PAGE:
I keep my nose to the grindstone, trim hedges, grade papers, update my glasses prescription, get cavities filled, start wearing cardigans and yelling at the thirty-something neighbors who move in with their toddler and cocktail-sized dog.

The boy will move out first, claiming he's had enough of my iron fist. In panic I will call his mother, who tells me my laissez-faire ways were bound to backfire. I scream obscenities and hang up. He joins the marines because he knows this is one of the worst things he could do to me. His sister says that he did it because he wanted to and when am I going to let them be their own people and not who I want them to be?

She goes to school to be a dental hygienist where she meets a nice girl. Four years later they give me my first grandchild and I breathe a sigh of relief that I get to try over, then get my heart broken when they move overseas. I still love her the most.

Then the boy comes back for a time. Years have mellowed us both that we actually come to enjoy each other's opinions. But he realizes he's outgrown this old town and moves away. I get christmas cards from him that slowly increase in the number of signatures at the bottom of the card from one to four as the years go by.

Then, in October of my 72nd year, while burning leaves on the curb, the exertion and smoke inhalation triggers a heart attack. The neighbor girl finds me face down, with part of my clothing smoldering and my eyebrows singed off. I wave away the ambulance, but since my response was not articulate or verbal, I'm carted away. As they whisk me to the hospital, I close my eyes, not regretting my mistakes, nor taking any pride in the victories, as I wait, flickering, fading, and finally, going out.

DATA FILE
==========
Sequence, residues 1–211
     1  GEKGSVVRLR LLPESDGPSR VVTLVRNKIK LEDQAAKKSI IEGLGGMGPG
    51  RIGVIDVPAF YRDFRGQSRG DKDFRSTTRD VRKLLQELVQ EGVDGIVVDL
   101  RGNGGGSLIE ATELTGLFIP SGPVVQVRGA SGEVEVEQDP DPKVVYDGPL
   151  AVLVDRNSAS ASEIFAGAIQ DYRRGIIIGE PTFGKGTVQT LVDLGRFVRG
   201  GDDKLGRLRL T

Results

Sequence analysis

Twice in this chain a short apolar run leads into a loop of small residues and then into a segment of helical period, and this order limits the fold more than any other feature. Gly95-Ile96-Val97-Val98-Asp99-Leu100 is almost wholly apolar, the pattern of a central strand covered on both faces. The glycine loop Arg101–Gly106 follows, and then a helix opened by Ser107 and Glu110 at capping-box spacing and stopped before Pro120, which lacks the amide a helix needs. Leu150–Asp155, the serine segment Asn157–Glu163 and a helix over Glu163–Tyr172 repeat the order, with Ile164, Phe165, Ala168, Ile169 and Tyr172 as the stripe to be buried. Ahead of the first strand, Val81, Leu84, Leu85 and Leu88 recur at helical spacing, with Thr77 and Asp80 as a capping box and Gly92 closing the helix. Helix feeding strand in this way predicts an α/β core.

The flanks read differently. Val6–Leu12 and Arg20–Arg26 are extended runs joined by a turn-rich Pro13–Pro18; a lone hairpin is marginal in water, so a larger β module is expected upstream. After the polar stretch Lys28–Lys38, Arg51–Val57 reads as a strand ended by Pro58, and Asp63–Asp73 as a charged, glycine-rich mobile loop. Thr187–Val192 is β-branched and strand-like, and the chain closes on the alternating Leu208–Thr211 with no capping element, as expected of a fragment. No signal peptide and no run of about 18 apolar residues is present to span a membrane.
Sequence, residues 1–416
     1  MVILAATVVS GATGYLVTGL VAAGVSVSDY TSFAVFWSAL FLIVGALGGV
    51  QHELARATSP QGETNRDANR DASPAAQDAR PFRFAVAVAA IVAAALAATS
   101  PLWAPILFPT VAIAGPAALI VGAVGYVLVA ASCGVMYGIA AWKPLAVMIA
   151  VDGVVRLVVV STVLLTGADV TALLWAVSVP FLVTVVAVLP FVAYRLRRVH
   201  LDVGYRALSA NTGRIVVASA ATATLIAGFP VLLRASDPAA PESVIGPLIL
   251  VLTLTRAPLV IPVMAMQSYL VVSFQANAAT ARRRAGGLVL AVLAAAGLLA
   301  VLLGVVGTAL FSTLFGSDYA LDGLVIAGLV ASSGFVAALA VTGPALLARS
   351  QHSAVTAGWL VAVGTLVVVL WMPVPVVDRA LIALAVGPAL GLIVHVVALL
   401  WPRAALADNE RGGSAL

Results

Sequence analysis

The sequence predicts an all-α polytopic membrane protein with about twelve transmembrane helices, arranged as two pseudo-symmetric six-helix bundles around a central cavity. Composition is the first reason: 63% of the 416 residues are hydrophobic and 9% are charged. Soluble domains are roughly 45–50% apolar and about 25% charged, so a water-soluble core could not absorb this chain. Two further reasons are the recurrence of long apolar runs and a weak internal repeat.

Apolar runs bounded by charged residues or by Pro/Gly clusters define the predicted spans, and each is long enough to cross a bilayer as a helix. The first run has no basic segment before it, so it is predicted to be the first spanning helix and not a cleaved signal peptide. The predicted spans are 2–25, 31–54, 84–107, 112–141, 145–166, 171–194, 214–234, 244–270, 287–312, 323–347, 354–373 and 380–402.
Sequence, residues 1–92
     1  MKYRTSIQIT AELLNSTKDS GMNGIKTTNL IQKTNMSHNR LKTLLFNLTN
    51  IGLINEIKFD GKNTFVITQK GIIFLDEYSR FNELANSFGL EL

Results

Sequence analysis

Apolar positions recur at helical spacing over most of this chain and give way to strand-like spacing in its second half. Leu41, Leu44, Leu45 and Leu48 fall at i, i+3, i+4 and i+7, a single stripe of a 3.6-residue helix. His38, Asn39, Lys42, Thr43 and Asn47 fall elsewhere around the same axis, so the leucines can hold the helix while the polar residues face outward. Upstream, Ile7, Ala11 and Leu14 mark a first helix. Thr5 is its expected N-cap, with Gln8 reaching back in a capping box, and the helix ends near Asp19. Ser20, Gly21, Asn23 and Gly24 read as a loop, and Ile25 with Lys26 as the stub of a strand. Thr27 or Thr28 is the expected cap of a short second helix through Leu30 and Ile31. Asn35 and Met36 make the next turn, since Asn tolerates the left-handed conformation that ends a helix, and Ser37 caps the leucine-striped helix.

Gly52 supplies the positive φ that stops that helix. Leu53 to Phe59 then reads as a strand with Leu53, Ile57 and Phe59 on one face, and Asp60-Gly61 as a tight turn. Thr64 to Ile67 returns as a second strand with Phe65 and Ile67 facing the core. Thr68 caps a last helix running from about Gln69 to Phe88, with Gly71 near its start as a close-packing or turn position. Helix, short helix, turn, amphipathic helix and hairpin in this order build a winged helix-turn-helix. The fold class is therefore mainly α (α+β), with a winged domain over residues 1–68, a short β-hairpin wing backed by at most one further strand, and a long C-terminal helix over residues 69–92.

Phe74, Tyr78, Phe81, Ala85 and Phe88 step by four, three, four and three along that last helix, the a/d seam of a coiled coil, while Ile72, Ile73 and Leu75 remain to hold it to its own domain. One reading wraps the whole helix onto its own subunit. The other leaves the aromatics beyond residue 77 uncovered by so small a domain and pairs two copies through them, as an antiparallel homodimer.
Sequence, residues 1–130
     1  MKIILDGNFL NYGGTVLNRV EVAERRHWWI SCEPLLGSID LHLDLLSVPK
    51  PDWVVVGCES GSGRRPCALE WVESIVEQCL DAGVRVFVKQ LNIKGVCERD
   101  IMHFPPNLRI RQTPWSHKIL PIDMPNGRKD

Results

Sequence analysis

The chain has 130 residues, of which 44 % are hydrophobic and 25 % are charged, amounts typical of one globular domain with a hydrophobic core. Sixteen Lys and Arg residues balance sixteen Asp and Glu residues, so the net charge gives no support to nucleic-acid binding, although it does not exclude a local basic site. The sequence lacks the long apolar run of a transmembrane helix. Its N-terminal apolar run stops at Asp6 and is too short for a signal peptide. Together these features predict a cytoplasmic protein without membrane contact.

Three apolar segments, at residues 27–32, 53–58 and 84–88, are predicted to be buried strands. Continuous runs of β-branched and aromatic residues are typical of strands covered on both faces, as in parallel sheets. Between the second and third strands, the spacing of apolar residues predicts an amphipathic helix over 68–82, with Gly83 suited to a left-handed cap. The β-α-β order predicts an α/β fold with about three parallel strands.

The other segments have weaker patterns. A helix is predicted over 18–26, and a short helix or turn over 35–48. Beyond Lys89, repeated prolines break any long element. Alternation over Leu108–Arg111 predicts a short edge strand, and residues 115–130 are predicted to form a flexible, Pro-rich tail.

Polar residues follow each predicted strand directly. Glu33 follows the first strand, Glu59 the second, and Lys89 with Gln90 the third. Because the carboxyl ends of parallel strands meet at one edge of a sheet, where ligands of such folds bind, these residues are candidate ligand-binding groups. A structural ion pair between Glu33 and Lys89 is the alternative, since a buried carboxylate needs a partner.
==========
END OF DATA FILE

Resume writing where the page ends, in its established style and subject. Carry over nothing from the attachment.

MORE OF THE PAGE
Of course, that's just the rough outline. It might happen differently. Most of those elements I begin to find distasteful even as I write, but even though I may not want these things in a month, or a year, or twenty, I do want them now. Or at least some of them. I'm left unsettled by this.

When did i stop wanting to be Peter Pan and began envying Mr. Darling?

Monday, April 30, 2012

Down and out in Ontario

Maybe I like going to Canada because it's the one country in the world where it's OK to feel snobbish about being an American. Anywhere else one is reminded of the millennia of art and tradition that have preceded and led up to the grand cultural accomplishments of modern Belgium, or Korea, or Peru. That doesn't happen in Canada. Well, perhaps in Montreal, but I was leaving it for Ontario purposefully and not just because I got a ride there.

I wanted to be somewhere bigger, noisier, more chokingly polluted and comfortable with its own squalor. That pretty much just meant Toronto, unless I headed back south of the border. Being in a city large enough to assure anonymity is a comfort to me. I like walking the pavements, feeling concrete under my shoes, inhaling new odors with each square of the sidewalk. The greatest draw for me, in any city, is the people watching. Walt Whitman had it right in his poem, To a Stranger:

Passing stranger! you do not know how longingly I look upon you,
 You must be he I was seeking, or she I was seeking, (it comes to me as of a dream,)
I have somewhere surely lived a life of joy with you,
[...] I am not to speak to you, I am to think of you when I sit alone or wake at night alone,
I am to wait, I do not doubt I am to meet you again,
I am to see to it that I do not lose you.

I love riding public transportation, and sitting close enough to other people in cafes to smell what they've ordered, and imagining what their arms, faces, and jackets would feel like. When our eyes meet I do my best to break into them and make myself into that object which they will recall and wonder when they "sit alone or wake at night alone." In return, I'm just as conscious of how I dress, how I walk, how my wrists show while I drink from that cup of tea and where I must go to be noticed. I am, in this way, a public figure, though one deluded and ignorant of his own obscurity.